Be Specific and Realistic
With the holiday parties and indulgences behind us, we find ourselves committed to making New Year’s resolutions. Don’t beat yourself up for not getting started on your goals, keep reading for advice that will help set you up for success. According to Statista, 41% of Americans make New Year’s resolutions each January, but only 8% of us actually keep them. Why is that? One of the biggest reasons people fail to keep their New Year’s resolutions is because they’re not specific enough. It is easier to drop the goal or walk away when you set goals that are vague. For example, resolving to “lose weight” is an easy way to set yourself up for failure, as the goal lacks ways to mark progress and unlikely to keep you motivated throughout the year. Instead, aim for a specific goal, like losing 10 pounds by a specific date. A timeline on the goal/resolution is helpful in letting you know that you are on track to achieving your goal.
Make resolutions that you think you will be able to keep. For example, if your aim is to exercise more, try to schedule three days of exercise instead of scheduling daily blocks. You don’t have to focus solely on going to the gym. Consider taking walks during breaks at work or join an organized sport or take a class. If your goal is to eat healthier, focus on adding healthier options to your diet instead of cutting out your favorite foods. Healthier options, such as almonds or a piece of fruit will limit your junk food intake and won’t seem as torturous.
Change one behavior at a time
Change is a process. Those unhealthy habits that you are trying to change more than likely took years to develop so establishing new behavioral patterns takes time. While you may have a list of resolutions, pick one to focus your energies on rather than spreading yourself too thin. Remember that once you have made the commitment to change a behavior, it is not a race to the finish. This will be a behavior that you will continue to work on for the rest of your life so stay calm, breathe, and focus on one behavior at a time. This will help keep a resolution much more achievable.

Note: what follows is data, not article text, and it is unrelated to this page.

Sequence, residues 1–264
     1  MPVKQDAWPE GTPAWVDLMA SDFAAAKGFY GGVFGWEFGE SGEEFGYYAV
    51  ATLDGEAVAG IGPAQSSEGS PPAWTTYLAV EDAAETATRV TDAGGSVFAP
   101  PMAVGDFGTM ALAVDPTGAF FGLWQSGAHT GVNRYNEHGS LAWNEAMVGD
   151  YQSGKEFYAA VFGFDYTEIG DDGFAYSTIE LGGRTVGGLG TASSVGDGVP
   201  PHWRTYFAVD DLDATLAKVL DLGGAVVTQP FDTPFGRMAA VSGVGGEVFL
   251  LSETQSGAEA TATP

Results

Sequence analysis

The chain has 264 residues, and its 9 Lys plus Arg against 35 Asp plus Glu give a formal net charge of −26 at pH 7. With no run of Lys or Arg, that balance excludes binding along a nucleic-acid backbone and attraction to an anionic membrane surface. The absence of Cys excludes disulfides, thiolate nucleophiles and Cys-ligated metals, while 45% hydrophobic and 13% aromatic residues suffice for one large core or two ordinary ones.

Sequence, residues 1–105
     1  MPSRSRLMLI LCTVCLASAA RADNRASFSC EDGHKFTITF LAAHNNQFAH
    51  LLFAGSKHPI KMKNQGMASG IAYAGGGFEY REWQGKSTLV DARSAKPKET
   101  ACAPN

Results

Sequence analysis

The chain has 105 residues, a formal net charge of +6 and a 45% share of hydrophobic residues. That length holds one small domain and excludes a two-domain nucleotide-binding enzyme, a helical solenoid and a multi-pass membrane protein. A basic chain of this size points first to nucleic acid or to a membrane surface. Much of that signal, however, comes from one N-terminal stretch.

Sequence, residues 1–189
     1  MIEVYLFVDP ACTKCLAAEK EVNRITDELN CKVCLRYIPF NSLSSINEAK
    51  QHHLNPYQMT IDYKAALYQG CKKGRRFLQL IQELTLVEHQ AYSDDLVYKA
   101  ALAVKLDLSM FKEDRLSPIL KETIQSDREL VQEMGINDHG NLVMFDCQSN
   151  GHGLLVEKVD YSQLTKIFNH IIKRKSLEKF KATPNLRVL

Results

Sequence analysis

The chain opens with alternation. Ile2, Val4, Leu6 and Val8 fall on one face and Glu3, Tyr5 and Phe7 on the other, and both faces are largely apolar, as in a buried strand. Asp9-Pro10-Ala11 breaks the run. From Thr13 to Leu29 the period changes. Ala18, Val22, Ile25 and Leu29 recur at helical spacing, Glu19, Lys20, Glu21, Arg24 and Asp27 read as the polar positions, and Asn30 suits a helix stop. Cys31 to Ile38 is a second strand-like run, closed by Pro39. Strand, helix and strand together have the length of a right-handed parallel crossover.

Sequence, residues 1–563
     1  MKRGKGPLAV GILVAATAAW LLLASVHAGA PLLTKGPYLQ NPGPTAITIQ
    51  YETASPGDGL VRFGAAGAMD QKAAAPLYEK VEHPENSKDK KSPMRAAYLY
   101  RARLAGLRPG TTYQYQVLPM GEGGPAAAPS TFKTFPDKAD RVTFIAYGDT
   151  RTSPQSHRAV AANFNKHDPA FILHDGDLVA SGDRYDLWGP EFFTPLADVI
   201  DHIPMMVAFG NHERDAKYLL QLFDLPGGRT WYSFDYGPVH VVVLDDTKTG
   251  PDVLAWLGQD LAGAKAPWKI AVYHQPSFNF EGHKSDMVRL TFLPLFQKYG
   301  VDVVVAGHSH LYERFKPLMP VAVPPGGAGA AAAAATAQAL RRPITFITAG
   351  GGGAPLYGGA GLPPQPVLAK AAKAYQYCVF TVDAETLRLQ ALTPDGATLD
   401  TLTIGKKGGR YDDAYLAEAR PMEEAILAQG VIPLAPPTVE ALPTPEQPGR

A solid support system, whether it be friends, family, or co-workers can help you stay motivated. Join a group (virtual or non-virtual) that shares your goal. Groups with the same goals can offer strategies on how to stay on task, adjust your goals, and help address emotional issues. Having someone to share your struggles and successes with makes the journey easier and less intimidating.
Start a Health Journal
Tracking your progress in a dedicated journal can also help you stay on task and help manage or adjust goals. Consider keeping track of bedtimes, energy levels throughout the day, and how much water you’re drinking. This will allow you to gauge how much sleep you will need and keep track of fatigue. It is helpful to take note of how many hours you slept the night before, what you had to eat or any activities you took part in and this activity will illuminate patterns that can be reducing your energy levels.
Celebrate your success by treating yourself to something that you enjoy that does not conflict with your resolution. For example, if your resolution is to increase your daily vegetable intake, then treating yourself to an entire box of chocolates contradicts eating healthier. Instead, reward yourself with fitness clothing or going to a movie with a friend.
Always focus on the benefits of your resolution to keep you motivated. Remember, there will be some rough times, but there is something incredibly inspiring and motivating about a fresh start.